Kicking homelessness out of her life

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Even though her life has been difficult given the circumstances, Burkenroad was able to turn it around in her junior season at CSUF. (Devin Ulmer / Daily Titan)

At 18, being homeless and living out of a car with her father wasn’t exactly Christina Burkenroad’s idea of living the dream.

But now, the 21-year-old Cal State Fullerton women’s soccer player is a first generation college student who credits her rough start as the motivating factor behind her drive to seek greatness.

Life for the CSUF junior advertising major has been filled with hardship. When Burkenroad was 4 years old, her mother passed away, an event that altered her life. After her mother’s death, her father spiraled into a deep depression, which resulted in instability in the home.

Support financially and emotionally would rest upon her father’s shoulders, but the depression put a strain on their relationship, Burkenroad said.

She appreciated her father for his support in everything she did yet financially, Burkenroad acknowledged that college was going to be difficult to attend without money.

Due to the lack of financial stability, Burkenroad described living out of her father’s car when she was 18 as a “terrible” experience.

“We stayed at the beach, just like in the parking lot,” Burkenroad said. “Everyone assumed I had it made because I lived near the beach, but no one really knew that for some unknown reason my aunt kicked me out of her house,” she said.

As much as it killed her pride, Burkenroad chose to move in with her dad for a couple of weeks before reaching out to a friend.

“I really had nowhere to go and I knew my dad had been living in his car for a while. I felt like I had no other way to turn,” Burkenroad said.

After all, it was only her and her father.

Money was an issue, yet Burkenroad found joy in doing the one thing she loves most: playing soccer.
Burkenroad was always energetic, she said. Playing outside with friends on the soccer field helped her escape from reality and the struggles at home.

She admitted to never being confident with academics. Her family never pushed getting good grades, so Burkenroad focused less on her homework and more on the field, she said.

She still struggles in the classroom, but she motivates herself to go to class, do the work and get a good grade point average mostly to stay eligible for soccer.

Soccer would be her golden ticket.

Senior year of high school was approaching and Burkenroad had not been recruited by a college team. She was a guest player for a few different clubs but was never settled on one club team.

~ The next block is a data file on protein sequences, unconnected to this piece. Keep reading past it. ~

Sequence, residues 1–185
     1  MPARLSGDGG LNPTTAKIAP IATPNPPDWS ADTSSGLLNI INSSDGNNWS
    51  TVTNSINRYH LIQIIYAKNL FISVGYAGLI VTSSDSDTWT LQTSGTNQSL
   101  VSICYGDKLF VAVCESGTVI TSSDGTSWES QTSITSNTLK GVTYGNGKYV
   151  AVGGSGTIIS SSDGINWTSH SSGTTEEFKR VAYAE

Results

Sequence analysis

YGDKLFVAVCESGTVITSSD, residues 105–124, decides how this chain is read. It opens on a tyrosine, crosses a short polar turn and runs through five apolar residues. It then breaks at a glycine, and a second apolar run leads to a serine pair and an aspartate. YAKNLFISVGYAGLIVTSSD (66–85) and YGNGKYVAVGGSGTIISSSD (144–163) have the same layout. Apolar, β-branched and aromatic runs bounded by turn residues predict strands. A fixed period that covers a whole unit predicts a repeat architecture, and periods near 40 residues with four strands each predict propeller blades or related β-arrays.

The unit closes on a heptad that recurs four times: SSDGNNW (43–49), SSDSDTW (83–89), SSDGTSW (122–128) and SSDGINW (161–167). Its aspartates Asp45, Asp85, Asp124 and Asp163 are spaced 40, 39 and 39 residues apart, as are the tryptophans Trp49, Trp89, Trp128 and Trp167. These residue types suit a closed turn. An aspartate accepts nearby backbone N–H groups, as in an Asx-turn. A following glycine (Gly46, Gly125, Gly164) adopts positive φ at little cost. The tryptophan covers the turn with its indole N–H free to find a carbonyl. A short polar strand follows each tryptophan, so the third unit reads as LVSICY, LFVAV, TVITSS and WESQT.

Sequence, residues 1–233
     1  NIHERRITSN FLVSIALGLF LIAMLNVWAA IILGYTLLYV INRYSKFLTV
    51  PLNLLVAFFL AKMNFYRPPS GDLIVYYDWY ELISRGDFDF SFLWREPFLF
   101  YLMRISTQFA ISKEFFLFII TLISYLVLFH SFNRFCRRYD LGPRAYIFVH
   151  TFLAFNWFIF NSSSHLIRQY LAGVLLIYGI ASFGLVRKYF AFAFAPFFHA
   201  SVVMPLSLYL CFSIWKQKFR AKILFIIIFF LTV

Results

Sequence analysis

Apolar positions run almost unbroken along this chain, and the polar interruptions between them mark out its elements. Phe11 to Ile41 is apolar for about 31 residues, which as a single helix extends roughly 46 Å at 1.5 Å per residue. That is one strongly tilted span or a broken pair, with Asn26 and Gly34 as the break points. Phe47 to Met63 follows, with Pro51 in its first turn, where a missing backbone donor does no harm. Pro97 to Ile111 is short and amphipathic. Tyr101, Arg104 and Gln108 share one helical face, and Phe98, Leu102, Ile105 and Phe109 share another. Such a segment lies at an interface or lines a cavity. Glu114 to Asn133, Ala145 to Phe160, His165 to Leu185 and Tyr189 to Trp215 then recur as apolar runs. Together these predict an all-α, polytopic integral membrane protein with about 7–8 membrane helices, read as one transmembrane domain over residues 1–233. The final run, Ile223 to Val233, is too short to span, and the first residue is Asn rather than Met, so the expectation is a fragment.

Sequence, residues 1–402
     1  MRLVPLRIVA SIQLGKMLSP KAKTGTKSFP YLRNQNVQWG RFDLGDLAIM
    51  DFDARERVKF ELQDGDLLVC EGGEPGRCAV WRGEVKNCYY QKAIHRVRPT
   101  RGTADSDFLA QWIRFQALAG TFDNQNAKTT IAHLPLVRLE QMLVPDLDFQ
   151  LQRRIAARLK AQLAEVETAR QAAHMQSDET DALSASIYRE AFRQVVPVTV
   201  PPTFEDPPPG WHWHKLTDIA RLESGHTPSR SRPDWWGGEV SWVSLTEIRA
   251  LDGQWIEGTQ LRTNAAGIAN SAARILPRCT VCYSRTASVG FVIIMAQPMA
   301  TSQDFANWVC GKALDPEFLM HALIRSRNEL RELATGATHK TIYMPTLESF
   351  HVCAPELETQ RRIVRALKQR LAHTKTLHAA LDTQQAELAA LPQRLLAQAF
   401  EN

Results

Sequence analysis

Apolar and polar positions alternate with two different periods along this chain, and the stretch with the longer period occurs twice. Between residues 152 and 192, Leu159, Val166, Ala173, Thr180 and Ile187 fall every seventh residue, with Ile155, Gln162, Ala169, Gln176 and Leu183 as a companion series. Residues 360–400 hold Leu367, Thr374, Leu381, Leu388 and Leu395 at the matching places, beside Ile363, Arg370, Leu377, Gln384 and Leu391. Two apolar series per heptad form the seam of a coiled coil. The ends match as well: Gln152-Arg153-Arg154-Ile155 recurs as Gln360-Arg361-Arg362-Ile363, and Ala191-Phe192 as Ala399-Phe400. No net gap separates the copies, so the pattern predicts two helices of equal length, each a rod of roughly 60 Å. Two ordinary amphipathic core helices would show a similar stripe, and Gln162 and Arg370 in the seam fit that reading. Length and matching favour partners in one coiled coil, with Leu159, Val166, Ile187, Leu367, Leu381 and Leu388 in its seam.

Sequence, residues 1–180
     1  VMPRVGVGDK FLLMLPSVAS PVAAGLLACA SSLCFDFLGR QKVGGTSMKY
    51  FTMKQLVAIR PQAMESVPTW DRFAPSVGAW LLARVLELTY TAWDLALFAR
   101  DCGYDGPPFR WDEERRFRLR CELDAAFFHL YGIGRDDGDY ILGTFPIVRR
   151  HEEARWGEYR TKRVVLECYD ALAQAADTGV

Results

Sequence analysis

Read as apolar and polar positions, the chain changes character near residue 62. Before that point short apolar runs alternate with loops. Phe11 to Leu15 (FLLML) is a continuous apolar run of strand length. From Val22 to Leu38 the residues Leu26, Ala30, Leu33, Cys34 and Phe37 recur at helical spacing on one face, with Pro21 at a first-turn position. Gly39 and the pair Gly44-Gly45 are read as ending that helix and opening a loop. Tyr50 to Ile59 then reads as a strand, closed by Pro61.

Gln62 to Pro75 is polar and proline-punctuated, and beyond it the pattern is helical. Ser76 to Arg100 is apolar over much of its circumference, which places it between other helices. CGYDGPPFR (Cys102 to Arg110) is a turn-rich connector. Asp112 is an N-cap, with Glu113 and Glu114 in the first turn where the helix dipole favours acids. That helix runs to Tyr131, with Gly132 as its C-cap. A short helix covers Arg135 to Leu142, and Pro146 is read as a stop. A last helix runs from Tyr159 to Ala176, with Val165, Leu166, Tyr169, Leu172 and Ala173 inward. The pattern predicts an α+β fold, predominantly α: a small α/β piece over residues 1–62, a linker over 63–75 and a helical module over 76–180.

One day, during a tournament at UC San Diego, her club coach noticed that CSUF was playing on the field next to them.

Coincidentally, Burkenroad’s club team coach,previously coached Demian Brown, CSUF women’s soccer head coach, when he was a youth soccer player.

The two coaches talked about the possibility of Burkenroad joining the women’s soccer team at CSUF. Brown knew he wanted her to be a Titan because of her athleticisim and maturity, he said.

“We were able to see a real strong amount of potential in her and then obviously her, life story was motivating. It felt like someone who was right for us, for our program,” Brown said.

Three weeks after their first encounter, Burkenroad committed to play Division I soccer for CSUF.

“This was always (my father’s) dream—his and my mom’s dream, for me to go to a Division I school and play soccer,” Burkenroad said. “His constant belief in me is always good, but he’s not there emotionally or financially, so that’s a huge struggle.”

Even though her life has been difficult given the circumstances, Burkenroad was able to turn it around in her junior season at CSUF.

In Fall 2014, the CSUF women’s soccer team defeated Long Beach State to claim the conference championship for the second consecutive year.

Amanda Howard, 20, is Burkenroad’s best friend, roommate and teammate. She described their relationship as, “inseparable.” Burkenroad plays a vital role as a team leader off the field and as a star player on the field, constantly looking for the ball, Howard said.

“She is the center of our attack … we count on her to score,” Howard said. “She leads us on and off the field, whether she’s on the sideline cheering us on or if she’s on the field dribbling past a whole other team.”

Burkenroad was named Most Valuable Player of the 2014 Big West Conference tournament.

“I think that’s what Division I sports has the potential to do for people,” Brown said. “It’s to give them a chance to become who they are going to be for the rest of their lives regardless of where they came from or the beginning of their life was.”

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